Athleticism: Triumphs and Struggles

Athleticism: Triumphs and Struggles

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A lot of people believe that most elite athletes began training for their sport at a young age. But, that’s simply not true.
While you have athletes like Tiger Woods, Serena Williams and Michael Phelps, who began perfecting their craft at an early age…t here’s also athletes like Hakeem Olajuwon, Tom Brady and Tim Duncan, who excelled in their sport despite starting at a later age.
It’s interesting to compare and contrast the two different types of athletes.
For the athletes who’ve trained tirelessly and competed in their sport for a long time, their can face physical and mental challenges that contribute to burnout.
According to the NCAA burnout is “..often regarded as the endpoint of this breakdown process and is characterized by the absence of motivation as well as complete mental and physical exhaustion…What leads to burnout is too much training stress coupled with too little recovery.”
Some of the world’s top athletes have fallen victim to burnout. Williams, one of the greatest female athletes to ever set foot on a court, has said before how she’s grown tired of tennis.
Williams began intensive tennis training at the tender age of three.
“I mean, I don’t love tennis today, but I’m here, and I can’t live without it. So I’m here and don’t want to go anywhere anytime soon… It’s not that I’ve fallen out of love; I’ve actually never liked sports, and I never understood how I became an athlete. I don’t like working out, I don’t like anything that has to do with working physically… Anything that involves sitting down or shopping I am excellent at that,” Williams said in a 2012 press conference.
While the early beginners enjoy long careers, so do the late starters and burnout isn’t much an issue.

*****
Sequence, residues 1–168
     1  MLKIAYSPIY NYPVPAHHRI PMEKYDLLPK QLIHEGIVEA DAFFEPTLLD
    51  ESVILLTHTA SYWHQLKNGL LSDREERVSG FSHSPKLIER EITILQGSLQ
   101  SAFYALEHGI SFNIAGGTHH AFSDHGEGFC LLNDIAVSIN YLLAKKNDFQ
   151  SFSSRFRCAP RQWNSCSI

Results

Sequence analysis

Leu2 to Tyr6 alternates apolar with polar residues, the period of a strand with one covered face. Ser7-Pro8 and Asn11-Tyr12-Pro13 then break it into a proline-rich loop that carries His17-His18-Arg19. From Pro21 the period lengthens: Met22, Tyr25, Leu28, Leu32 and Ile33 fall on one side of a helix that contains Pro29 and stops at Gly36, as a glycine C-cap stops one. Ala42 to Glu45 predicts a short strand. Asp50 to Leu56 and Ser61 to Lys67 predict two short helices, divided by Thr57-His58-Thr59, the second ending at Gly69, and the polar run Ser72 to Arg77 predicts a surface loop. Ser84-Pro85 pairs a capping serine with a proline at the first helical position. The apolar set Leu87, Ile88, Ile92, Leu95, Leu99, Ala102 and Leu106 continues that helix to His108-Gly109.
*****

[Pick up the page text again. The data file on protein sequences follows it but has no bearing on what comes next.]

Even at the age of 40, Tom Brady, who didn’t begin playing football until his freshman year in high school, is still slinging the rock…and enjoying it.
In fact, he’s still dominating and helping the New England Patriots win. The quarterback, helped the Pats to a Super Bowl appearance this past season.
Brady’s longevity in the NFL can be contributed to a very short list of injuries he’s had to deal with.
He did miss the 2008 season after tearing his ACL during the Patriots’ season opener. Besides blowing out his knee, he’s only had four reported injuries during his career and none of them have caused them to miss games.
There’s no doubt Brady spends a lot of time and money taking care of his body, but then you have younger athletes from Derrick Rose, Stephen Curry and Kyrie Irving, who can’t seem to shake the injury bug.
Interesting enough, Rose, Curry and Irving began playing basketball at an early age and even specialized in the sport, competing with AAU travel teams.
Fast forward to the 2017 NBA season they’ve all faced injury this year. Rose has even considered early retirement with his constant injuries taking a toll on him physically and mentally.
According to ESPN reporter Adrian Wojnarowski, the 2010 NBA MVP said, “He’s tired of being hurt and it’s taking a toll on him mentally.”
While Curry and Irving aren’t thinking retirement anytime soon, they’re still on the road to recovery while their teams the Golden State Warriors and Boston Celtics, respectively compete in the playoffs.
Irving is recovering from a second knee surgery and Curry with an MCL sprain.
With the mental and physical strains competitive sports takes on a body over the years, it appears as if starting sports later and not specializing in one thing, may be the way to go.

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